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What are the core competencies required for nonprofit boards to lead and govern effectively?
A good friend posed that question to me early last month, as part of an exciting new project that promises to be a major gift to the sector. I was happy to oblige, in part, because I support that endeavor and my friend. But I also accepted the challenge because it felt like a new way to expand my own thinking about what we need to understand and enact effective nonprofit governance.
My list evolved over the month, as I refined both my definition of "competency" and my list of board essentials. What I'm sharing today today represents that synthesis, ready for public sharing and discussion. Here are my "10 core nonprofit board/governance competencies:"
- The capacity to recognize and respect the functional differences between management and governance.
- The ability to think strategically and engage in future-oriented discussion and planning.
- The willingness to think critically – to accept, analyze, and then discern between divergent sets of information and experiences.
- The capacity to engage respectfully with a wide range of personalities and worldviews.
- The capacity and willingness to seek out information, ask provocative questions, and use the result of that learning to drive thoughtful decision making (intellectual curiosity).
- The capacity to understand and accept the fiduciary/accountability responsibilities of governance.
- The capacity to advocate for your mission and programs with others, from one-on-one to group settings.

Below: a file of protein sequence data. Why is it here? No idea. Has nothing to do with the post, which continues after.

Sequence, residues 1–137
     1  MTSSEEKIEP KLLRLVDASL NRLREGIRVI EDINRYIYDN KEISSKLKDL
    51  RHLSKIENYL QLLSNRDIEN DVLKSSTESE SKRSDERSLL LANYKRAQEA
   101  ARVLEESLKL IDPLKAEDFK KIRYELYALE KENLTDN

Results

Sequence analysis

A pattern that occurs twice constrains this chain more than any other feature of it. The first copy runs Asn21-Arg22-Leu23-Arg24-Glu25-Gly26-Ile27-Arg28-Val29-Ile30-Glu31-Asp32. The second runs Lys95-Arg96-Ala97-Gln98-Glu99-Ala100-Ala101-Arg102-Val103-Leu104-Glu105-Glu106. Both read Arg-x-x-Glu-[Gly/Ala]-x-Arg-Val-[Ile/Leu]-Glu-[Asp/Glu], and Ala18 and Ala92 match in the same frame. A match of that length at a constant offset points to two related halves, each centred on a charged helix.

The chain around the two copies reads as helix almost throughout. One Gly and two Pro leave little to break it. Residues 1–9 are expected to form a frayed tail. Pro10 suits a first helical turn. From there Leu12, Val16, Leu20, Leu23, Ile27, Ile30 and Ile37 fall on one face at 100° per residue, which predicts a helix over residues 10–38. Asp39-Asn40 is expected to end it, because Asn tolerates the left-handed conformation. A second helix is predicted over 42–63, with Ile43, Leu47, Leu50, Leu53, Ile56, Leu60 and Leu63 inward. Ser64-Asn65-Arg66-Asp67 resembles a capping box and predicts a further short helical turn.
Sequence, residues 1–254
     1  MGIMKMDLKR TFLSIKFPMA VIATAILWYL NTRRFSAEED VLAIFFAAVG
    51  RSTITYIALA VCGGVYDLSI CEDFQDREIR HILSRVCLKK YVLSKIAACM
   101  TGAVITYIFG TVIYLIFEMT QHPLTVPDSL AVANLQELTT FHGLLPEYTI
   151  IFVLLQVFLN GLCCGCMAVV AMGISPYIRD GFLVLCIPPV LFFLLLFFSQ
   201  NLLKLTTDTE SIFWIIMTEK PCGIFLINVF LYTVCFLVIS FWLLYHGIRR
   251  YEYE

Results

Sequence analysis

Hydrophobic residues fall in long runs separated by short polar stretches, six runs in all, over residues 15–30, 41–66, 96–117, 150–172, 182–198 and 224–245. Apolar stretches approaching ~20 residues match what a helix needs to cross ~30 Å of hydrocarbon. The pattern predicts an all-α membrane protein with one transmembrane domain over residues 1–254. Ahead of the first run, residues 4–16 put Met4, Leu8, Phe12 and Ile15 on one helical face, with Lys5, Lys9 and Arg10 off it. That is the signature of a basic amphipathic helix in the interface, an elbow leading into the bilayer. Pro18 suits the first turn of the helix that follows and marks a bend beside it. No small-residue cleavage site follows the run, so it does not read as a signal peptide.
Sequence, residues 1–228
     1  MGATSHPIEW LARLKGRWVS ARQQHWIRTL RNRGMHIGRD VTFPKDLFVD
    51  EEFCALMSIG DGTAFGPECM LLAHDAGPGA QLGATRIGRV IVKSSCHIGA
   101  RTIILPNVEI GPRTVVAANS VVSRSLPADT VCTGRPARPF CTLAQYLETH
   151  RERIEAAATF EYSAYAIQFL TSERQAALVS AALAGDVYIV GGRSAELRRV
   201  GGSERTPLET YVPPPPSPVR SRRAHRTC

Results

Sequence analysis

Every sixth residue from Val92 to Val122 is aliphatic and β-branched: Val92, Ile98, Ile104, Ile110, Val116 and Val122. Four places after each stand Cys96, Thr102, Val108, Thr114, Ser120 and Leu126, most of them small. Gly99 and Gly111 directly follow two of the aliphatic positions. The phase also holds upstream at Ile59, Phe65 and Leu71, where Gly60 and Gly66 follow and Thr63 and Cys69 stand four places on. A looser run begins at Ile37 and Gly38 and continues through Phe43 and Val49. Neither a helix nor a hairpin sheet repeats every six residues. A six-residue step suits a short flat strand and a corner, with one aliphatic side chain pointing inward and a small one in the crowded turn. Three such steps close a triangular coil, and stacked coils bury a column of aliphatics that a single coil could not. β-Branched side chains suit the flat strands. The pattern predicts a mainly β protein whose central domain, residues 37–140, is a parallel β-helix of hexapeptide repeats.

- The willingness to share your knowledge/expertise/experience to expand the board’s collective capacity to govern.
- The willingness to engage as part of a leadership team.
- The willingness to set aside personal agendas for the greater good.
I see these as essential competencies that each board member should bring to the table. I recognize that we humans have different strengths and our own "personal growth areas." But one of the reasons for choosing these 10 criteria is their individual and collective representation of what we can expect from smart, effective community leaders. None of these should be unreasonable reaches for anyone we're inviting to serve on one of our boards.
I tried to stay away from criteria that might be too specific, or lists of skill sets, given that different boards (and their missions) will have varying needs at any point in their organizational lives. You will see some overlap with my previous "dispositions of nonprofit governance" list. Their roles are complementary but ultimately not identical. The former represent more individual qualities. The latter offer core capacities and ways of working that board members should have.
There's a reason the list is committed to computer hard drive and not stone tablet - as right as they feel to me at the moment, they ultimately represent my interpretation at this point in time. They necessarily remain a work in progress. I'm interested in your feedback on the competencies that I have outlined here, and on the basic premise of this kind of framing.
As I prepare to click "publish," these criteria beg for expansion. I'll launch a brief, 10-week series on Wednesday doing just that.